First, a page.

But he got a thumbs-up from the American Pharmacists Association (APhA) on at least one count: pharmacists’ place in the U.S. health care system.
“Rep. Tom Price, President Donald Trump’s HHS secretary nominee, fielded a number of health care questions during his nomination hearing and in questions for the record, including queries about better utilizing pharmacists to provide care in areas where there are provider shortages,” APhA stated Tuesday. “Senators also raised other issues of importance to pharmacists in their questions to Rep. Price, including restricted pharmacy networks, direct and indirect remuneration fees, radiopharmaceuticals and drug pricing.”
For example, Price exhibited an understanding of pharmacists’ role — and willingness to expand that role — in helping patients in medically underserved area receive care in response to a question from Sens. Bob Casey (D., Pa.), Sherrod Brown (D., Ohio) and Michael Bennet (D., Colo.), APhA noted.
“Paying pharmacists in underserved areas to engage in certain medical services could work well in those states where pharmacists have such licensure,” Price told lawmakers.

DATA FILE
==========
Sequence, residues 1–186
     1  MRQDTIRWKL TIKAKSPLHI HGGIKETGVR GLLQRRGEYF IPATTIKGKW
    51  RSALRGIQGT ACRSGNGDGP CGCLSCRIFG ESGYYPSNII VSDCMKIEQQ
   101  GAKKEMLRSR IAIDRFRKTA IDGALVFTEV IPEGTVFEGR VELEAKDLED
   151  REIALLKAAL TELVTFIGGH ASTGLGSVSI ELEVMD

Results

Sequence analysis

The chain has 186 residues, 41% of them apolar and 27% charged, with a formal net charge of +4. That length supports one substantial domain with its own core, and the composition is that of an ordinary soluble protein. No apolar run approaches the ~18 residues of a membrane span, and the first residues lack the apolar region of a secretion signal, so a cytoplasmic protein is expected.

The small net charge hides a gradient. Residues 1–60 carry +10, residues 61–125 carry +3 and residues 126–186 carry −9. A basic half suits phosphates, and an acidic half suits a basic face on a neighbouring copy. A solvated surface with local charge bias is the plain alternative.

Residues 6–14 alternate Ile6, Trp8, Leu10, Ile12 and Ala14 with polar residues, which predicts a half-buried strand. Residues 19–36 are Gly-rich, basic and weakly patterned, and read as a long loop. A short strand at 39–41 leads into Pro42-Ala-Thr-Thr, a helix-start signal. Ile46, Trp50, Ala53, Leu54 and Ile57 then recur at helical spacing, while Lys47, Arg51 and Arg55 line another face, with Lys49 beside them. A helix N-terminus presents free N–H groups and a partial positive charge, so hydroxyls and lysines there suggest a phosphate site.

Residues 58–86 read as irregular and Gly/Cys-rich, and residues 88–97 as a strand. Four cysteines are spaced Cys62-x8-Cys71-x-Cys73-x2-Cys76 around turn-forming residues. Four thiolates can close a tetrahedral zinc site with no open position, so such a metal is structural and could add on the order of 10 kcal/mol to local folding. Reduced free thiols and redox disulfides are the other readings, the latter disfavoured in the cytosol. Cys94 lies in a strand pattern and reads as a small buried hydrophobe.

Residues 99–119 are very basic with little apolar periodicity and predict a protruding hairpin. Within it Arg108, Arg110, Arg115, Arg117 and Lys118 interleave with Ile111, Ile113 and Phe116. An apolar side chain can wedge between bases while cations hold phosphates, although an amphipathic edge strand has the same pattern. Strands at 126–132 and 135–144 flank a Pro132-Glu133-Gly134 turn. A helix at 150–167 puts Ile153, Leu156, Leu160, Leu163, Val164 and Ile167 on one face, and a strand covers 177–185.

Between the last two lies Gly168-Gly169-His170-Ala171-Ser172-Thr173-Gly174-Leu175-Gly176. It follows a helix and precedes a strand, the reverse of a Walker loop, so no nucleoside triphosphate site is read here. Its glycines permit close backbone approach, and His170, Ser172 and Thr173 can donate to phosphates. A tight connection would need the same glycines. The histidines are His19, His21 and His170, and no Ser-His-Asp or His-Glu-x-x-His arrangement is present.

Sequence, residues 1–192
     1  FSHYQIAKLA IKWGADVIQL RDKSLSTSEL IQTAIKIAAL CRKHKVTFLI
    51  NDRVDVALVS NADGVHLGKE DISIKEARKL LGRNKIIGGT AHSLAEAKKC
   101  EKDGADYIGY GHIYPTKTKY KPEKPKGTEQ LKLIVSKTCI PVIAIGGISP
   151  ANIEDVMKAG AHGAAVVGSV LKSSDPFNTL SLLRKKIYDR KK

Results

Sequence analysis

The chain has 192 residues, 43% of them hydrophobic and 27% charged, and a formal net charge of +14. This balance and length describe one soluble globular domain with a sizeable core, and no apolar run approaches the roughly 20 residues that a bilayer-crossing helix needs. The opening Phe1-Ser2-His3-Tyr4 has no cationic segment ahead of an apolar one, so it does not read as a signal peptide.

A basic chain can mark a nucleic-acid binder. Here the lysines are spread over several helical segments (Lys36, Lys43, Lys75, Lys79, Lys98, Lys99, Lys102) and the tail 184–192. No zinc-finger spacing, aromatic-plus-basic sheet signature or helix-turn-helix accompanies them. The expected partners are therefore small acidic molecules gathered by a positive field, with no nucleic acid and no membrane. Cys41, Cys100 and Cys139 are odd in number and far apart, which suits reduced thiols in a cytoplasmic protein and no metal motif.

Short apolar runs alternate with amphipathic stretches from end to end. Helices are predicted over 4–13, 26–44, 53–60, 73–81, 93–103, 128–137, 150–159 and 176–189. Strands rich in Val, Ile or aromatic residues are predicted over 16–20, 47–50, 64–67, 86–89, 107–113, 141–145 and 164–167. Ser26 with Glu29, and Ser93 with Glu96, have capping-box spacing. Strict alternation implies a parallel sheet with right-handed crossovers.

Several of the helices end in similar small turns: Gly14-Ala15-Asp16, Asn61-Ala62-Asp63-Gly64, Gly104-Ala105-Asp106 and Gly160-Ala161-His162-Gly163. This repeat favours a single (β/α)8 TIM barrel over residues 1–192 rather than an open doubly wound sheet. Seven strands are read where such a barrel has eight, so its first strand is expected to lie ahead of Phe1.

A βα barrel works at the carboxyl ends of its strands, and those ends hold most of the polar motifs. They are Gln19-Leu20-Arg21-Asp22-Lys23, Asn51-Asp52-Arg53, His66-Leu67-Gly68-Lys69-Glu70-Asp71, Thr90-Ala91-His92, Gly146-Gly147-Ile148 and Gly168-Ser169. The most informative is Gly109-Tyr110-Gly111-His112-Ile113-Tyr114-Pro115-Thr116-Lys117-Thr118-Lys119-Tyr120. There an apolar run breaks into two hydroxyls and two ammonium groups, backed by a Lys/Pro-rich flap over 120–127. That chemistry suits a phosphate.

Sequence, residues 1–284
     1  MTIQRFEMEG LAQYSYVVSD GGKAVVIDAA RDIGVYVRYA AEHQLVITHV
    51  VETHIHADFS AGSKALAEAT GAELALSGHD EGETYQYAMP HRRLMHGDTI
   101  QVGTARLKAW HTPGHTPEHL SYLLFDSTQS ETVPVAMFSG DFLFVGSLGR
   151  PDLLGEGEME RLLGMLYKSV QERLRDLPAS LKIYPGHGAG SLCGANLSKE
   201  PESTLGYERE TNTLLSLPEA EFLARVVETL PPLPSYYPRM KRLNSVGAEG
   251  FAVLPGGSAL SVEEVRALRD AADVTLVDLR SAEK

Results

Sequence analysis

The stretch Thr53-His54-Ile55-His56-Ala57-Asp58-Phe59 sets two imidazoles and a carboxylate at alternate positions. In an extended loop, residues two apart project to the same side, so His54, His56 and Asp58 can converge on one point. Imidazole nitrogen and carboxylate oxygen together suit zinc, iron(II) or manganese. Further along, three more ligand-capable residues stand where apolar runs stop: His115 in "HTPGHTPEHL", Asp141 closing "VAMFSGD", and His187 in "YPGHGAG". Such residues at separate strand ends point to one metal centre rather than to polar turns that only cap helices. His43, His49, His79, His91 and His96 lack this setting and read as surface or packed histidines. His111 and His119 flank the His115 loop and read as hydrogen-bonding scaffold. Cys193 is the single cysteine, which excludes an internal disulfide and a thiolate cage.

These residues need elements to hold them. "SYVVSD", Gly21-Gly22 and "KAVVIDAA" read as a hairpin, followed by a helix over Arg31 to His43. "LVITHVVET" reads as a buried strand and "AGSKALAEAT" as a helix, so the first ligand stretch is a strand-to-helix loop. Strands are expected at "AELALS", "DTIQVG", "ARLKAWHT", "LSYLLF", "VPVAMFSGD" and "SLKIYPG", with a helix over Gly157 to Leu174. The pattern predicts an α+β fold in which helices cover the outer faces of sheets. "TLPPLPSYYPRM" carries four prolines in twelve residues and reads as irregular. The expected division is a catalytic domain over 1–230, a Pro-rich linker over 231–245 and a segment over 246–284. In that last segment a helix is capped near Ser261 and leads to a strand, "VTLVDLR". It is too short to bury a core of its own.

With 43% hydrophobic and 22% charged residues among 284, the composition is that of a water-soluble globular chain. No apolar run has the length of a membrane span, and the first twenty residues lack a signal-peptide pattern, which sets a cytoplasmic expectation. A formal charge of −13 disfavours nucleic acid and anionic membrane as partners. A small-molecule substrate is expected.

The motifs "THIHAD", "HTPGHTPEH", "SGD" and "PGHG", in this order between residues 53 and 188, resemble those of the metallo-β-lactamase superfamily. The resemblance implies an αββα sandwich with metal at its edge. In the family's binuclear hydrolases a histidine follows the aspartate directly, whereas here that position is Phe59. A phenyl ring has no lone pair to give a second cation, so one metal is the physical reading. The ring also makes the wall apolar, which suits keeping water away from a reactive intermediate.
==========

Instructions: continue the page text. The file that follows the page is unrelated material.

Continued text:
For the pharmacy sector, that viewpoint comes at a pivotal time. The House of Representatives last week reintroduced a companion bill (H.R. 592) to the Pharmacy and Medically Underserved Areas Enhancement Act, which the Senate had brought back to the 115th Congress earlier this month as S. 109. Both bills, endorsed by APhA, retained their original co-sponsors from the previous Congress.
The so-called “provider status” legislation would recognize pharmacists as health care providers and allow state-licensed pharmacists in medically underserved communities to provide and be reimbursed for an expanded scope of patient care services under Medicare Part B.
“We couldn’t be more pleased that the Senate and Congressman Price, like our nation’s 300,000 pharmacists and the patients they serve, recognize the value pharmacists bring to our health care system and the importance of the care they provide,” APhA executive vice president and CEO Tom Menighan commented.